CHARLESTON, W.Va. - The president of the Kanawha County Commission and the county fire coordinator are worried about Columbia Gas Transmission's plan to restart a natural gas pipeline that exploded earlier this month near Sissonville.
"We escaped the other day, we don't want to push our luck," said county fire coordinator C.W. Sigman.
Sigman and Commission President Kent Carper plan to call for strong safety measures by Columbia's parent company, Indiana-based NiSource, and the regulators who oversee pipelines, the state Public Service Commission.
On Dec. 11, one of Columbia's 20-inch diameter transmission lines ruptured and filled the sky with fire, scorched the earth and nearby homes and ruined a segment of I-77. Miraculously, no serious injuries were reported.
Carper and Sigman worry the company has other dangerous pipes still in the ground.
Late last week, the federal Pipeline and Hazardous Materials Safety Administration, or PHMSA, said the company could plan to restart the 26.2-mile segment of pipe.
But first Columbia has to take a number of steps, including making repairs and inspecting critical valves.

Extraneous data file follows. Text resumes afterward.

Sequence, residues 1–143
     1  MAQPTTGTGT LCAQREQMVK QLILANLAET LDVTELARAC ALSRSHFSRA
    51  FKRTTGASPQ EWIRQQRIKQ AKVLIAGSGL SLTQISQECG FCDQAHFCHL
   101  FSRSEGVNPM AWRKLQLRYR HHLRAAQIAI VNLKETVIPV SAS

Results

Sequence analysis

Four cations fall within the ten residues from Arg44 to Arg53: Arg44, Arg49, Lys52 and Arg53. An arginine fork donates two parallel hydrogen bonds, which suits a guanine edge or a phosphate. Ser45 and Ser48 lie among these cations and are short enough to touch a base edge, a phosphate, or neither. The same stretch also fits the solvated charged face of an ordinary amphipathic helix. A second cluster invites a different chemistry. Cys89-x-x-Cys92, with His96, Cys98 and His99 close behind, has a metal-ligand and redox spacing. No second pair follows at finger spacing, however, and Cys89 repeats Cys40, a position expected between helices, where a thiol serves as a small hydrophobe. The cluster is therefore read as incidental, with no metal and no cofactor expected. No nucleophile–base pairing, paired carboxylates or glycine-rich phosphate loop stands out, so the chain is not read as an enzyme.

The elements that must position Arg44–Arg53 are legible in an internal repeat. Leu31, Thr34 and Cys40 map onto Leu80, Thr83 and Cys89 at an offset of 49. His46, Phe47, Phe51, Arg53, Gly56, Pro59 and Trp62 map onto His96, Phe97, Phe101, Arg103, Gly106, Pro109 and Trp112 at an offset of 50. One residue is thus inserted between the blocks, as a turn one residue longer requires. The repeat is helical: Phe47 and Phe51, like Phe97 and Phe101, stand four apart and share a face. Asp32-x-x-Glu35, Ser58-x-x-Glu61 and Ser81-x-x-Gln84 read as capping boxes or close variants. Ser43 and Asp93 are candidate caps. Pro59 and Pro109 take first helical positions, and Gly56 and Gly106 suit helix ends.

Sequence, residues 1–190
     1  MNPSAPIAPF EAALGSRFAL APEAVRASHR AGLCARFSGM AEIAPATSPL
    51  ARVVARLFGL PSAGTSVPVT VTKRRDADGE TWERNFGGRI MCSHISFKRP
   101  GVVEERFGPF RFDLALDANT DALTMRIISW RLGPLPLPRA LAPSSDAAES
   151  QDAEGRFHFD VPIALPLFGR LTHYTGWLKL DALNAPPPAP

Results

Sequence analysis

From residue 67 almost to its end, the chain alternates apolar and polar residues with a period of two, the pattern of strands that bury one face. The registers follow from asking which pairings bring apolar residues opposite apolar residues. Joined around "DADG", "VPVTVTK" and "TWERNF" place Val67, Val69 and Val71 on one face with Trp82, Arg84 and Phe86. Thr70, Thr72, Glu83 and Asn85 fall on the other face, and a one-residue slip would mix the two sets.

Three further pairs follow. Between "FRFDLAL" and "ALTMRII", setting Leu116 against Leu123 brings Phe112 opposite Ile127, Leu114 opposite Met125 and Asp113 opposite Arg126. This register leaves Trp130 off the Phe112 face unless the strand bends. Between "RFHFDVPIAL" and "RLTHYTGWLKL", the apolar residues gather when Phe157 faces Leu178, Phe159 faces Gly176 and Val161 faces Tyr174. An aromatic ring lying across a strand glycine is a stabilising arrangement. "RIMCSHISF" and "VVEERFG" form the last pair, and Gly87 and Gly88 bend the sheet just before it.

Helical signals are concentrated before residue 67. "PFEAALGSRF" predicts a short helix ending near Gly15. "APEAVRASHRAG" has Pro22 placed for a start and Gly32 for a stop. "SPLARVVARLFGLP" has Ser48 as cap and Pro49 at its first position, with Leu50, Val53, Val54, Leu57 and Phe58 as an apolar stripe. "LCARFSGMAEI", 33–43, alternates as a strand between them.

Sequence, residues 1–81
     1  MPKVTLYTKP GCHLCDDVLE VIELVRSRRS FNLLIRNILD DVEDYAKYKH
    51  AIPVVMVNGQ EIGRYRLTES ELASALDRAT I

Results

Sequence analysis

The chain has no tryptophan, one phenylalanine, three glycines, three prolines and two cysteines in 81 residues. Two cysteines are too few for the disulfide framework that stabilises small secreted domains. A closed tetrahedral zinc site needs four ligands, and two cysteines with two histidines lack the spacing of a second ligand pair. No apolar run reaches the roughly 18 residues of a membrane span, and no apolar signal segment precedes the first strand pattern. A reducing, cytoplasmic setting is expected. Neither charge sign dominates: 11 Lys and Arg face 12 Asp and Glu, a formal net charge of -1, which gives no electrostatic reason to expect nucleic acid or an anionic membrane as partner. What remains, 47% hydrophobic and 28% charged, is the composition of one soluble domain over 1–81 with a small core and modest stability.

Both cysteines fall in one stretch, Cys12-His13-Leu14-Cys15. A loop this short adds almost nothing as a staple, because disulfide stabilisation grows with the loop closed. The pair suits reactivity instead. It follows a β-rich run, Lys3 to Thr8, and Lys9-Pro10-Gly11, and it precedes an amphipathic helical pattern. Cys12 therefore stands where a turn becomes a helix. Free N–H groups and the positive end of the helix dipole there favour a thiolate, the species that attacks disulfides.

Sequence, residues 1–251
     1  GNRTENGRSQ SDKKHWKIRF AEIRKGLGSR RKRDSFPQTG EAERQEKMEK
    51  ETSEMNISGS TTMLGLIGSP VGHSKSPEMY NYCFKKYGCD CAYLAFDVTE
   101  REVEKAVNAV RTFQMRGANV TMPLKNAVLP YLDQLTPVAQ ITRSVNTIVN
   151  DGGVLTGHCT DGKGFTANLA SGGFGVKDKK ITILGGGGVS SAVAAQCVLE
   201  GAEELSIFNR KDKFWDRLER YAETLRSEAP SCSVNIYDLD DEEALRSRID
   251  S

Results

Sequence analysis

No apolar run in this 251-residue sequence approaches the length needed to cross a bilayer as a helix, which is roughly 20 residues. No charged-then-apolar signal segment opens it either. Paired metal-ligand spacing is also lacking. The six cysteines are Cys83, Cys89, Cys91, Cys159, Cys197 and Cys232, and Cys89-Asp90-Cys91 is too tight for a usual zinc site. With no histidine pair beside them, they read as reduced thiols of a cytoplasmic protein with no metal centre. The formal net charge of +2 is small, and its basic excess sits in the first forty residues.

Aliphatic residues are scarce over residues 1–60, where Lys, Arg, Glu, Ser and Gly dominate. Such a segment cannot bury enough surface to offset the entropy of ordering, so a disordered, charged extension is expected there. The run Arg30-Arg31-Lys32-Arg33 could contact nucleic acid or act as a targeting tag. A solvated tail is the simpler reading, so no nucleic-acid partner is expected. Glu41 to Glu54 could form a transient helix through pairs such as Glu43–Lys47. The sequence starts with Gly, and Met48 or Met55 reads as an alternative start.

Once the company is ready to restart the segment, it can send only 70 percent as much pressurized gas through the pipe as it did before the explosion.
Once the pipeline, known as SM-80, has gas going back through it to the eastern gas market, federal regulators want the company to take long-term steps to ensure the segment is safe.
Among other things, the company has a month to run a "smart pig" through the pipe segment, which starts near Cross Lanes and runs northeastward. These metal pigs - which look like a piston but can also vaguely resemble a metal jellyfish - travel through a pipeline to check for irregularities, including cracks and corrosion.
It is unclear how long or how expensive the process will be. A Columbia spokeswoman did not return a call Thursday seeking comment.
But, Sigman is concerned about other pipes.